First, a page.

<p style="border-color: initial; font-family: Verdana, Arial, Helvetica, sans-serif; font-size: 11px;"><strong style="border-color: initial;"><span style="border-color: initial;"><a href="portlets/news-portlets" target="_blank">Click here to enter the Arctic Portal News Portlet</a></span></strong></p>
                <td style="width: 50%;" align="left" valign="top">
                    <p>{mosmap address='Rigolet, Canada'|zoom='3'|}</p>

New Arctic brigades in the making
Other News
Written by Administrator   
Tuesday, 10 April 2012 11:52

Helicopter and a vessel in the Arctic ocean (Photo: GettyImages)Helicopter and a vessel in the Arctic ocean (Photo: GettyImages)Norway and Russia are strengthening their cooperation in the Arctic. The two states already have an extensive cooperation, but are strengthening with military relations and multi-branch exercises with common strategic and environment-based programs.

The countries recently held talks about the strengthening of political and military operations. Russian Deputy Defense Minister Anatoly Antonov and Norwegian Defense Minister Espen Barth Eide with Roger Ingebrigtsen, state secretary for defense, attended the meetings.

Both countries are reorganizing their naval, air and land forces in the strategic High North. Both countries are planning Arctic brigades, Russia in the Kola Peninsula and Norway in Skjold, in the High North's Troms county. The countries also discussed NATO's missile defense plan for Europe, which Russia is robustly opposed to.

"Our relations with Russia have never been better than they are now," Ingebrigtsen said. "We want to deepen the good relationship that we have even further. Among other things, we would like to hold more joint training exercises, both on land and at sea, probably in 2013."

The strengthened relationship, Antonov said, is reflected in the fact that the two militaries will participate in 24 joint exercises and events over the next 12 months. "The goal for both sides is increased security in the High North, which can only benefit our countries," Antonov said.

The annual naval exercise POMOR-2012, which takes place in May, will be the next major demonstration of stronger bilateral military collaboration between Norway and Russia. The exercise will involve Norwegian and Russian naval and air assets, including frigates, destroyers, helicopter support and combat aircraft.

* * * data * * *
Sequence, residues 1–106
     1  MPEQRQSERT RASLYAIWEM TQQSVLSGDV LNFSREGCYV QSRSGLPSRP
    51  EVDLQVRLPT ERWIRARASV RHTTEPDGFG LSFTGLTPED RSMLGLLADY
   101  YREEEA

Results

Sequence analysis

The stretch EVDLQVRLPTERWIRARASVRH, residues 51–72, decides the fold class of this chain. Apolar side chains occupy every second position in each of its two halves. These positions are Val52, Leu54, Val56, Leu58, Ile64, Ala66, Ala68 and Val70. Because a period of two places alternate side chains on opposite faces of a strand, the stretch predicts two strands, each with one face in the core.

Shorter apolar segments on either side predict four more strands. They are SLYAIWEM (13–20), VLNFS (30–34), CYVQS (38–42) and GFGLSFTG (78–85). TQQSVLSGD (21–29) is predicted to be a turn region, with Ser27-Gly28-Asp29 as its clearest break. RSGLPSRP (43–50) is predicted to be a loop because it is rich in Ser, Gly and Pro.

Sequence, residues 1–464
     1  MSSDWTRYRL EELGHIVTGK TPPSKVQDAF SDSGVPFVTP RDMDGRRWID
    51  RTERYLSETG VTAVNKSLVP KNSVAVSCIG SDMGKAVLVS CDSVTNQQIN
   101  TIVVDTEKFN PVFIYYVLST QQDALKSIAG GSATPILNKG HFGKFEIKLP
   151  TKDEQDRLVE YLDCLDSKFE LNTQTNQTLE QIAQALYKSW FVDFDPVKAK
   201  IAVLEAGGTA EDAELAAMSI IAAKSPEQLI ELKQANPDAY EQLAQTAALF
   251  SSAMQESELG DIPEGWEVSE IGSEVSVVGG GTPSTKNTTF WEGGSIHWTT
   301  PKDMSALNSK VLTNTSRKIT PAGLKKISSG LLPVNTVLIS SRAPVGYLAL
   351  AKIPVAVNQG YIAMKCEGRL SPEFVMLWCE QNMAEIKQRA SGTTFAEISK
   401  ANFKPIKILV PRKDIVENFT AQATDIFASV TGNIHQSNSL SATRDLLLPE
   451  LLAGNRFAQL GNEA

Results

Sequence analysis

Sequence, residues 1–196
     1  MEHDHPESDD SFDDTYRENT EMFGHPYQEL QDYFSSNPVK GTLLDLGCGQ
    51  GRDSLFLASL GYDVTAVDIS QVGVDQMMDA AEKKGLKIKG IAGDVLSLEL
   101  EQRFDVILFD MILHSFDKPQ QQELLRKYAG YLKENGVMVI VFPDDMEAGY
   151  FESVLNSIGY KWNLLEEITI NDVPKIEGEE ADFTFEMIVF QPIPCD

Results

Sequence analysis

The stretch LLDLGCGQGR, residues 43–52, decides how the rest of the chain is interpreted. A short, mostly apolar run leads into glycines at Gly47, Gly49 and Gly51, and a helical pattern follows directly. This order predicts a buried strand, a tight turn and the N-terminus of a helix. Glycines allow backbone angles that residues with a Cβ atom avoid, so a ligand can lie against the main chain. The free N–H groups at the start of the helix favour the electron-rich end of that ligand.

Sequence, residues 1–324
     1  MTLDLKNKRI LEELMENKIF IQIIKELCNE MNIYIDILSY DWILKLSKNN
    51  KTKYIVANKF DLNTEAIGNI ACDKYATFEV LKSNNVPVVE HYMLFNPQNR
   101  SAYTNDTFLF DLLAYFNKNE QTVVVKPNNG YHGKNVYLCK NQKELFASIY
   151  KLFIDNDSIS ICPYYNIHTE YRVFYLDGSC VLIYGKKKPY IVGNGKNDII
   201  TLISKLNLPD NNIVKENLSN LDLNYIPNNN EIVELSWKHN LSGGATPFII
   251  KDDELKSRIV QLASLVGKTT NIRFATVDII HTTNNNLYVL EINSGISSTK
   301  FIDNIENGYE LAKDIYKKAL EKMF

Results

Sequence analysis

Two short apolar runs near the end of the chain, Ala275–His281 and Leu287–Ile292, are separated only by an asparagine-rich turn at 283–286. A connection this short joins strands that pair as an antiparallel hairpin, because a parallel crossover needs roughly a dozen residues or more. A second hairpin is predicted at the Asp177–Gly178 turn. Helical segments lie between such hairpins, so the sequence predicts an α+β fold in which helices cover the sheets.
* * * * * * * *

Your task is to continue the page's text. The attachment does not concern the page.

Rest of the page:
The range of joint tasks will include boarding operations, search and rescue, air defense, navigation and interoperability of communication procedures and systems.

Three offers for the Dreki Area
Energy News
Written by Administrator   
Tuesday, 03 April 2012 15:06

Map of the Dreki area (Map by Arctic Portal)Map of the Dreki area (Map by Arctic Portal)Three offers were submitted for search of oil in the Dreki Area. Icelanders are part of them all.

There are high hopes for the Dreki Area and all points to oil being in the Jan Mayen ridge. A part of the area is in Icelandic waters.

The first invitation to bid in the search was three years ago. Two offers were submitted now. Icelanders are happy three offers were submitted midst in the crisis.

The offers are from Eykon, an unregistered company in Iceland. It looks at the project as one for the future. "We have international sponsors with us but we are doing the ground work. These partners are experienced in searching for oil in similar circumstances as in Jan Mayen," Heiðar Már Guðjónsson from Eykon said.

The next offer is from Faroe Petroleum and Íslenskt Kolvetni ehf. Faroe is a 15 year old company based in Scotland, with a staff of 50. It explores the British, Norwegian and the Faroese waters.

The last one is from Valiant Petroleum og Kolvetni ehf. "Valiant, and Faroe Petroleum, are big companies so this is very positive," Gunnlaugur Jónsson from Kolvetni ehf. said.

The chief of the National Energy Authority in Iceland was excited about the result. "These are three companies with knowledge in the area. This is a very good result and goes beyond our biggest expectations," Jóhannesson said.

The minister of energy in Iceland said that the best possible result of the oil search would that very high income would be a reality in Iceland, for a short time, in about 10 years' time.

The National Energy Authority will answer the bidders before the end of November.

<< Start < Prev 51 52 53 54 55 56 57 58 59 60 Next > End >>

Page 54 of 117

News Feeds

media bw

arcticdata bw

publications bw

International Polar Year The Northern Forum University of the Arctic Arctic Council International Arctic Science Comittee Norðurslóðanetið

Arctic Portal - info(at) - designed by Teikn Design

Tel: (+354)4612800